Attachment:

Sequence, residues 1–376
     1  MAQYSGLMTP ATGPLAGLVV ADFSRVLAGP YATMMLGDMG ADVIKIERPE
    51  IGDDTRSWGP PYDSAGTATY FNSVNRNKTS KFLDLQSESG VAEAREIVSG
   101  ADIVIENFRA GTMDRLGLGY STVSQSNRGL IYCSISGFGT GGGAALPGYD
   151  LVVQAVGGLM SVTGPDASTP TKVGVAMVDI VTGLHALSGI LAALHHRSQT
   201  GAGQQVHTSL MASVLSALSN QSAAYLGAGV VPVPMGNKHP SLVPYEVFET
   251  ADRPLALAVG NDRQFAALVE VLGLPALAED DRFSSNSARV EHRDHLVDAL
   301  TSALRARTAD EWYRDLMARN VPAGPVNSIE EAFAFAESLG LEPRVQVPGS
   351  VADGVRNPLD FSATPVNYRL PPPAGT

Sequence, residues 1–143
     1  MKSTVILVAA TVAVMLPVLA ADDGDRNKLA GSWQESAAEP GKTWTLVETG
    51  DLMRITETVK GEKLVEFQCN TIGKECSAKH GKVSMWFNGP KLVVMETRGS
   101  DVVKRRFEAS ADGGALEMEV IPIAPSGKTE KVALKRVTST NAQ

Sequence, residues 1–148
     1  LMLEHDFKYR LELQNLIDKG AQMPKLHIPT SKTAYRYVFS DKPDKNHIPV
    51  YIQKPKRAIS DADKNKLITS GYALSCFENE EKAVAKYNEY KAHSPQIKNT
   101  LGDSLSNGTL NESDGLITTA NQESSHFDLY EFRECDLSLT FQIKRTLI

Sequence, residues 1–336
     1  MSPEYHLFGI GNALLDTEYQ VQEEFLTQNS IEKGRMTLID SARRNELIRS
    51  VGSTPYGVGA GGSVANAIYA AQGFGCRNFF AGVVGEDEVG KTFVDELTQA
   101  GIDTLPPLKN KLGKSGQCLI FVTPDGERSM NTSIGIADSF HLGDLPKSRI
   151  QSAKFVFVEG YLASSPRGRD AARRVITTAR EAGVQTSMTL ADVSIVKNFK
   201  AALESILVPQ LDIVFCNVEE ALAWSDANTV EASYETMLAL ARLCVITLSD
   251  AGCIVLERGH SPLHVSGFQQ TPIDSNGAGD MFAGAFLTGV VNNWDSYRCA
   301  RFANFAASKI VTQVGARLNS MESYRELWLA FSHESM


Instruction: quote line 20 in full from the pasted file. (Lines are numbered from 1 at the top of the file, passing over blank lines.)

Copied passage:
    51  VGSTPYGVGA GGSVANAIYA AQGFGCRNFF AGVVGEDEVG KTFVDELTQA